Tuesday, January 31, 2012

Show Wrap Up

Okay. I was really bad at posting in January. Really bad.  I'll try to do better in February.  But I wanted to share something with you before the month was up.  Something that reminds me why, even though I'm struggling with money doing theatre, why I do it anyway.

Closing night of my last show, my sixteen actors sat down backstage in the green room, a half hour before their places call.  I stood nearby, giving them time periodically, intensely curious about what they would say and willing immediately to step away if they made the slightest indication they wanted privacy.  They shared in popcorn style.

"You guys are the best friends I've ever had."

"I'm going to miss you."

"I didn't like the show going in, but you made it better.  This has been an amazing production."

"It was my senior year and I just wanted to do one last play, but you've made me want to do more."

"I've struggled with depression this year and coming to rehearsals. To you guys is what made it worth it for me. You reminded me what it's like to be happy."

"I never had any friends in school.  Not close ones anyway, but when I was with you I was always accepted.  Always safe.  We bickered, but we still always loved each other."

"I've always had friends.  More friends than I knew what to do with, but I never actually connected.  Now I know what that's like."

"I was twelve coming into this show and I thought I would be so out of place.  I thought you would think I was arrogant.  That I didn't know my place.  That I was too young.  But you never did.  I always felt like I belonged.  I always knew that I could trust you and that you would help me.  And that you would be my friends.  My middle school is so unbearable that I can't stand to be there, but coming here was what got me through last semester.  You kept me sane long enough so that I can transfer schools."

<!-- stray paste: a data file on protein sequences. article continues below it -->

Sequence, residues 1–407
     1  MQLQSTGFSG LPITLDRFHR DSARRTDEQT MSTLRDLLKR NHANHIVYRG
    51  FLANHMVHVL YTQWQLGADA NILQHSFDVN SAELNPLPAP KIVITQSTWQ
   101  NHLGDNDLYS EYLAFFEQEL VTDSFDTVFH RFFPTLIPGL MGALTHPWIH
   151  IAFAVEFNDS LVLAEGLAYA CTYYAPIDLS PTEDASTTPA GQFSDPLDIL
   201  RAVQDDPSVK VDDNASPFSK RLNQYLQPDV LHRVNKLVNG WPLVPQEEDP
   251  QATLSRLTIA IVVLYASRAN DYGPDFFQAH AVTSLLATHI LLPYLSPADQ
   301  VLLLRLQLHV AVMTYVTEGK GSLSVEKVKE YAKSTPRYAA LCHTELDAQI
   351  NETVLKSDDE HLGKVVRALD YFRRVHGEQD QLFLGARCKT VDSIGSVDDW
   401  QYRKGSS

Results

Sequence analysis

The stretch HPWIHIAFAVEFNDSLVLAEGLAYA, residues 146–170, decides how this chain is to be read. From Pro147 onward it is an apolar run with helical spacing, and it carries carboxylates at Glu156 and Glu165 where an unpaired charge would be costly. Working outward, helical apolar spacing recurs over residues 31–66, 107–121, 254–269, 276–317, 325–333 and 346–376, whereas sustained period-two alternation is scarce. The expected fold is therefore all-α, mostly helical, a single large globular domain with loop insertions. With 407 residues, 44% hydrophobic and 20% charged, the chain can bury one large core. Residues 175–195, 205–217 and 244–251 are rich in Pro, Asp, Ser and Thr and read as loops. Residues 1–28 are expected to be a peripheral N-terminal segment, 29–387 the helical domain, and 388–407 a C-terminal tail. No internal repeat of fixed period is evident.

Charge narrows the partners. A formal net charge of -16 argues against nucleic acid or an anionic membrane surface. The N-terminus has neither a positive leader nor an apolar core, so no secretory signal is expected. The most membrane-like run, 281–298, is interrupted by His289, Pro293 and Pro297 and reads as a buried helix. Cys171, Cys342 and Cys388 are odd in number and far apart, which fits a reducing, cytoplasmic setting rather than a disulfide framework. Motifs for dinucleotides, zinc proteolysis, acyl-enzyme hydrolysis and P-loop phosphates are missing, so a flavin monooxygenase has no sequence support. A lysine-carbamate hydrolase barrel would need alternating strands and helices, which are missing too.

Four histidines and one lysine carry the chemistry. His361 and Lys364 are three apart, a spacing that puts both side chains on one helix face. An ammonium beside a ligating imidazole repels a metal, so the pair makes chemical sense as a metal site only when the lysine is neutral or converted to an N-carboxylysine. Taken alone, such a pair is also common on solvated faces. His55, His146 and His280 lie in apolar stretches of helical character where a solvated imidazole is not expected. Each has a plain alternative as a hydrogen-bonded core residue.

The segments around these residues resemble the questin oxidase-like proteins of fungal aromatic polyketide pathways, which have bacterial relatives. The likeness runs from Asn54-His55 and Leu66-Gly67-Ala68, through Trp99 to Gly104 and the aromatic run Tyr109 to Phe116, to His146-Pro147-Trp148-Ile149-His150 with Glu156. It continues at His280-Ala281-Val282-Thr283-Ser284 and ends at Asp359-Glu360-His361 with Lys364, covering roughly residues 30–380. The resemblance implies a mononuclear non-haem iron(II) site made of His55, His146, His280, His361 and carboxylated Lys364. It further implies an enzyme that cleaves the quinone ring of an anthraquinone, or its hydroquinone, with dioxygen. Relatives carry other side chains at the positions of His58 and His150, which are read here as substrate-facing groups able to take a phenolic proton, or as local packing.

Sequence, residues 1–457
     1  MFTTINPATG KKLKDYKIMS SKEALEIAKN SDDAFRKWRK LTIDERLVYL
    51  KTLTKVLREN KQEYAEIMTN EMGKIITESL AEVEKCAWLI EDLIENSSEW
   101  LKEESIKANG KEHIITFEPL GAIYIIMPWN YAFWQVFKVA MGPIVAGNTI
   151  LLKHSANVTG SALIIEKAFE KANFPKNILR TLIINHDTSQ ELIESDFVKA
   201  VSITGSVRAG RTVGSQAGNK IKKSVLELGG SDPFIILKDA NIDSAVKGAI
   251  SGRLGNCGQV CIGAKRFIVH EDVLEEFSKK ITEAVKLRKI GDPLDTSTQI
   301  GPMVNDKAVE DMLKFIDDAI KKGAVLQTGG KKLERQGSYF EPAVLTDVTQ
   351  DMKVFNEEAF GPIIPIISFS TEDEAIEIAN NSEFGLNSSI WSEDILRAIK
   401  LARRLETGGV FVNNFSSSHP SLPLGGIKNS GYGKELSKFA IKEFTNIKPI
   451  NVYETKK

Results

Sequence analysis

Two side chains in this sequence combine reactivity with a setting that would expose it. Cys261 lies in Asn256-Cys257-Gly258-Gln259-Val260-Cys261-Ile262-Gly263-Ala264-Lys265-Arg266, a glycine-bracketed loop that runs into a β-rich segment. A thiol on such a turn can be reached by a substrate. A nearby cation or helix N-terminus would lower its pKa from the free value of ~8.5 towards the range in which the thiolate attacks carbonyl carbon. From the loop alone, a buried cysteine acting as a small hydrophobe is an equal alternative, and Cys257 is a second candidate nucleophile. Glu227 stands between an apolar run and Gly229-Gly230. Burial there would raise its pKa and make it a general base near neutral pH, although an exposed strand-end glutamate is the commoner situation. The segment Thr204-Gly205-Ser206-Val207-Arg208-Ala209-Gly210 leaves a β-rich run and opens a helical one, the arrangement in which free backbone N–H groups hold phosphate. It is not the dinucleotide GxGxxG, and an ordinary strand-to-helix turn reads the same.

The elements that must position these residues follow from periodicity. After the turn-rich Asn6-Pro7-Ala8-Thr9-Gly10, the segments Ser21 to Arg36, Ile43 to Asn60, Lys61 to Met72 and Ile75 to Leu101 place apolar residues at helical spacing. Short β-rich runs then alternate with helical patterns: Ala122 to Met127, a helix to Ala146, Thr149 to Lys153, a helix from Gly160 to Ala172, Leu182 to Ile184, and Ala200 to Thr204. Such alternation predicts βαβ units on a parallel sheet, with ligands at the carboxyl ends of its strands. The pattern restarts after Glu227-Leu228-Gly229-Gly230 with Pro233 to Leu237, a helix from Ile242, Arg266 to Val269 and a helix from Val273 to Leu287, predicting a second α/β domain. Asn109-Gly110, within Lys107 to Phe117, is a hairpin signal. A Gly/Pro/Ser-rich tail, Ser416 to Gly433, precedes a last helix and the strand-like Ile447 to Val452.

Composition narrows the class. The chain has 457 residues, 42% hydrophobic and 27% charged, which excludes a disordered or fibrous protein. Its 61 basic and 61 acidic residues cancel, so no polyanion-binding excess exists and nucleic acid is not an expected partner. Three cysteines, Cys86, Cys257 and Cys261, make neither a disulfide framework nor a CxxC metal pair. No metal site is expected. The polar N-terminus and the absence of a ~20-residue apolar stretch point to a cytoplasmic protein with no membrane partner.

"You are why I do theatre."

I had been ready to be done with the show.  I didn't do a ton (other than preset) during the show and so I had been so ready to be done.  But after just listening to these kids, I didn't want to be anymore.  That cast didn't have any cliches, any outcasts.  They were a family.  I had always been under the impression that the kids were charismatic and popular with most people.  But, to listen to almost every single on of them, they were all people who had never felt comfortable at their school, even in their drama programs (which were more relaxed/causal than the show we just worked on).  I never realized that this show was special.

Why bring this up now?  The show closed a little bit over a week ago.  Well, today I had an actor stay after rehearsals and just talk to the music director and I.  At first it was casual about the style of the show and the lyrics, etc.  But gradually he began to open up.  He's a sophomore; a very talented sophomore.  He is easily as talented as the kids I mentioned above.  But there are so many age politics in high school (and to some extent, college) drama that he only got a middle-of-the-road part.  He mentioned wanting to maybe drop and the music director and I were stunned.

We talked to him about why and he just wanted a chance to sing.  I hadn't known before now, but the actor has ADHD, OCD, and verbal tourettes.  He's extremely well-adjusted, but also incredibly self-conscious.  And the reason he wants to go into theatre?  Because when he sings.  When he acts.  The ADHD, the OCD, the tourettes just don't matter.  They recede.  His mind isn't clouded.  He can stand centerstage and just belt out that song.  And that's what he wants.  Maybe he was a little disappointed about getting a smaller part, but he was more disappointed that he couldn't have that moment of clarity.  Of freedom.

So.  If you're ever wondering what theatre does.  What art does (both the people doing it and receiving it).  Please remember these kids.  The ones who just put themselves out there.  Who find a community and create a story that they can share.  I realize I'm up on my soap box right now, but I don't really care because moments like this really do remind me why I do what I do.

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